blocks DHT (produced from testosterone) activity by competing for DHT receptors

Decreases prostate size in dogs within 10 days to 6 weeks of treatment

prostatic hyperplasia recurs within 2 months if treatment stopped. Not approved for veterinary use/ expensive.

No effects on libido, sperm production or fertility in dogs.

Progestins (Megestrol acetate)

reduces serum testosterone concentration, inhibit DHT receptor binding, decreases DHT levels, and decreases the number of androgen receptors

reduces prostate size and eradicates associated symptoms

relapse in 10 to 24 months when treatment discontinued. No long-term studies on side effects on the dog. Not approved for use in males (approved use in bitches for other conditions restricted to 32 days)

No effects on sperm or fertility. May help to maintain short period of breeding soundness in BPH males prior to neutering.

5-alpha-reductase inhibitors (Finasteride)

blocks DHT production from testosterone

20-30% reduction in prostate size in men for 6-12 months

potentially teratogenic (biologically hazardous to developing fetuses)

no effects on libido or semen production but can cause fetal genetic anomalies and is present in semen of treated patients (not recommended for use in breeding males)

antifungal drugs (ketoconazole and gonadotropin releasing hormone analogs

block release of lutenizing hormone

reduces prostate size

known as "chemical castrators"

results similar to surgical castration (not recommended for breeding males)


Cause: When bacterial infection occurs concurrently with benign prostatic hyperplasia (BPH), the condition is known as prostatitis. Prostatitis occurs when bacteria that normally inhabit the male urethra ascend into the prostate gland. Conditions of BPH predispose the prostate to infection because this disorder creates an environment suitable for bacterial proliferation. Common organisms identified in causing prostatitis include: Escherichia coli, Staphylococcus aureus, Klebsiella spp., Proteus mirabilis, Mycoplasma canis, Pseudomonis aeruginosa, Enterobacter spp., Streptococcus spp., Pasteurella spp., and Haemophilis spp.. Though Brucella canis may infect the prostate, it more commonly infects testicular tissue. Fungal infections are less common but occasionally occur. In some instances, testicular infections may spread to the prostate. Prostatitis is the most common prostatic disorder occurring in intact male dogs. In some dogs, particularly those over 5 years of age, prostatitis leads to the formation of abscesses within the prostate. Prostatitis is rare in castrated males.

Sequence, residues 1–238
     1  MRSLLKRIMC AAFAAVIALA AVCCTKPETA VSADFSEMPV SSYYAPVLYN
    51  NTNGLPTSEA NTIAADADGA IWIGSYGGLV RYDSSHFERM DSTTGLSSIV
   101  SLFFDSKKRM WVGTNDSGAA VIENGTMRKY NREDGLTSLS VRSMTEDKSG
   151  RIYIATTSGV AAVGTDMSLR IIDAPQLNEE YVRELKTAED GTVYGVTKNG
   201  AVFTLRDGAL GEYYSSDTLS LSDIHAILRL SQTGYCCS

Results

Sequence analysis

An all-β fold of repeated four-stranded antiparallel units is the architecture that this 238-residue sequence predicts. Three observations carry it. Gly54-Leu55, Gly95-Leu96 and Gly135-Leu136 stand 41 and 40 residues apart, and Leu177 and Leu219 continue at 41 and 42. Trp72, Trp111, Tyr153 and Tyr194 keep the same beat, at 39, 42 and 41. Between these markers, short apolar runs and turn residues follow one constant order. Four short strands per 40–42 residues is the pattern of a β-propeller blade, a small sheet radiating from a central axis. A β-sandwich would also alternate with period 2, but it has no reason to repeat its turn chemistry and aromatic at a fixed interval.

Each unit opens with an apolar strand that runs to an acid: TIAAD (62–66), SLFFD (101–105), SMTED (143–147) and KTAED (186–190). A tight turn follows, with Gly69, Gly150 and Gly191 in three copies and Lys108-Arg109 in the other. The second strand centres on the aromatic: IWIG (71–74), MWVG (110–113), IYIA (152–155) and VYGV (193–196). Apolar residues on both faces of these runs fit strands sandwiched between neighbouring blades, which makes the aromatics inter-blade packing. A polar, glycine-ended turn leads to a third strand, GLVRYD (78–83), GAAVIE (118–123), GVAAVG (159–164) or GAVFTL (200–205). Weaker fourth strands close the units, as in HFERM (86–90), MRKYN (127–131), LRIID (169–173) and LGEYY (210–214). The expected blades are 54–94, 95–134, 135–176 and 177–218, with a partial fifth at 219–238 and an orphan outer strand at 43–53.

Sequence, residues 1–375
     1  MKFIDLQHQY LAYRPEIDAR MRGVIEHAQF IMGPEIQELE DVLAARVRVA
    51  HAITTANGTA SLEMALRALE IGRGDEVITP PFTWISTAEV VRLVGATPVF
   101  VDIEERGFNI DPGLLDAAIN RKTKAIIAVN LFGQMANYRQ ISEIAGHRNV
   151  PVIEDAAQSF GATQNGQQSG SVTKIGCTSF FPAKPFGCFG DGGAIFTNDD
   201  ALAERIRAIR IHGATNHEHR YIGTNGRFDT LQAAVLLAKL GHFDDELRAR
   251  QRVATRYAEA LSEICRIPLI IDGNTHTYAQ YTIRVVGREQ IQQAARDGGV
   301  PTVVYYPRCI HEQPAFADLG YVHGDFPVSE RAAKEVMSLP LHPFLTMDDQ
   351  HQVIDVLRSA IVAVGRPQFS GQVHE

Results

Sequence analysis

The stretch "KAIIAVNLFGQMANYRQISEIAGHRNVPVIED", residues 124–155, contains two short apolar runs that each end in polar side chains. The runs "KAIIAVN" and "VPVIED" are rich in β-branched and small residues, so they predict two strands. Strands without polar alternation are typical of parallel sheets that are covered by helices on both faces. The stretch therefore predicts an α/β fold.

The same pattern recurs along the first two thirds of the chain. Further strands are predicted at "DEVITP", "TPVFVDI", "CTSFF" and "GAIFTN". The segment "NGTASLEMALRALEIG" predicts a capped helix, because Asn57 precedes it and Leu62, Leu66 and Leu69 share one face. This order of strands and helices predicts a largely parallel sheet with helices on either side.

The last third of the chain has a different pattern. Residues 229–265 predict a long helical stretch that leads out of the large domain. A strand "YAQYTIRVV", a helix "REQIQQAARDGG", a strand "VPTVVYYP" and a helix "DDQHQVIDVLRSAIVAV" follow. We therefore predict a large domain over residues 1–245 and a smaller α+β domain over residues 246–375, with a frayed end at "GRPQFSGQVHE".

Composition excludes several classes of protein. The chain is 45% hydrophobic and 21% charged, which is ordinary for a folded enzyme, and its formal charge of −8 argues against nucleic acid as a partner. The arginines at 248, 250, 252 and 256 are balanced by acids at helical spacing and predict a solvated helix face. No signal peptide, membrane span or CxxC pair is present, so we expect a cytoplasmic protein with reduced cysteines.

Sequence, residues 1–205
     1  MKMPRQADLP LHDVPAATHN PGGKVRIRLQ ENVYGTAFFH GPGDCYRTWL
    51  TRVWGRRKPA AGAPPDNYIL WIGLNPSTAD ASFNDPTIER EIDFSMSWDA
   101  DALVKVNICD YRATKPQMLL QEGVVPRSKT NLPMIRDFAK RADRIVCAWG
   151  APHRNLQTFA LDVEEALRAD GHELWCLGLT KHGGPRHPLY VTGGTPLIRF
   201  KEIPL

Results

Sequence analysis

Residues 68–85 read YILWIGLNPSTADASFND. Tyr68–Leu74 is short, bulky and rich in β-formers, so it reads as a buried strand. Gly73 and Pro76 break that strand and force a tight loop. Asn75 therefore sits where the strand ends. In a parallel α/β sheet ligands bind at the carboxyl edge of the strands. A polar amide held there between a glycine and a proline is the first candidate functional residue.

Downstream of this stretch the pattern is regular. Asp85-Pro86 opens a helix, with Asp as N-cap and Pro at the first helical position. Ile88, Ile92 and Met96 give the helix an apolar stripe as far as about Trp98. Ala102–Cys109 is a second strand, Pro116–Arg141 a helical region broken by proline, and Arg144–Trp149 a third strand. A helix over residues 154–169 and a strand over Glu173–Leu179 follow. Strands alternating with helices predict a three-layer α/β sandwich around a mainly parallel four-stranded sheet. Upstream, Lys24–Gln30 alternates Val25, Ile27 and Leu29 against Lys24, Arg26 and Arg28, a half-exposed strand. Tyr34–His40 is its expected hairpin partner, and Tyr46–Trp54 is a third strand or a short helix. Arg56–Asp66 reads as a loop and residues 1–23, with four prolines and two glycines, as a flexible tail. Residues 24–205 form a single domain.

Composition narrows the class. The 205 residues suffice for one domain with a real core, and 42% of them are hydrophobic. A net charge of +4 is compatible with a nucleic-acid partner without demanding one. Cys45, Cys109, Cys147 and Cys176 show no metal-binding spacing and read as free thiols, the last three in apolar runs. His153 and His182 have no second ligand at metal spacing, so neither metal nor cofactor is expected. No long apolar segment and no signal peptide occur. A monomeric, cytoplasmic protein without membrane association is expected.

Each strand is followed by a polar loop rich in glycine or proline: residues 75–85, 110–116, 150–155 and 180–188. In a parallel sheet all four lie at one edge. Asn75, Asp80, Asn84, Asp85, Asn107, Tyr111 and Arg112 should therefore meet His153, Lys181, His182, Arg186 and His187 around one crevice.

Symptoms: Prostatitis may occur as an acute or chronic condition. In the acute phase, fever and lethargy are present, the dog may strain when urinating or defecating, and the dog may move with a stiff gait. Swelling of the scrotum and hindlimbs may also be observed. Dogs that have prostatic abscessation may present with symptoms of shock (rapid heartbeat [tachycardia], delayed capillary refill time, pale or muddy mucus membranes, weak pulse, vomiting), peritonitis, and systemic infection (sepsis) if the abscess ruptures. Chronic prostatitis may occur following an acute phase or may develop without symptoms. Evidence suspicious of chronic prostatitis includes poor semen quality, decreased libido associated with pain upon prostatic contraction during ejaculation, and blood in the urine or semen sample.

Diagnosis: In acute cases of prostatitis, findings of an enlarged and/or painful prostate upon examination and evidence of bacteria in the urine of the dog, are highly indicative of this condition. A culture and sensitivity of urine removed from the bladder by cystocentesis is helpful for identifying the causative bacterial organism. Pain usually impedes the process of obtaining a prostatic fluid sample from the patient. Additionally, manipulation of the prostate should be avoided to prevent further spread of bacterial infection. In chronic cases, the prostate gland is typically painless or not as painful as in acute cases. This allows for collection of prostatic fluid for bacterial analysis since bacteria are not always found in the urine of dogs suffering from chronic prostatitis. Radiographic and ultrasonographic changes in the prostate are often apparent in dogs with chronic prostatitis. In cases where prostatic fluid culture does not identify an infectious organism, but diagnostic imaging is indicative of disease, biopsy of the prostate tissue will confirm a diagnosis of prostatitis.

Treatment and Prognosis: Aggressive treatment of acute prostatitis may prevent the infection from developing into chronic prostatitis. Results from urine culture and sensitivity screening will assist the clinician in selecting an antimicrobial drug with low potential for microorganism resistance and ability to maintain therapeutic concentrations in the urine and tissues. The anti-microbial agent is administered for at least 3-4 weeks to ensure complete elimination of the infection. Additionally, it is recommended that urine cultures and prostatic fluid cultures be analyzed 7-10 days after completion of drug therapy to ensure eradication of the infectious organisms. When treated aggressively and thoroughly, acute prostatitis is expected to have a good prognosis for recovery.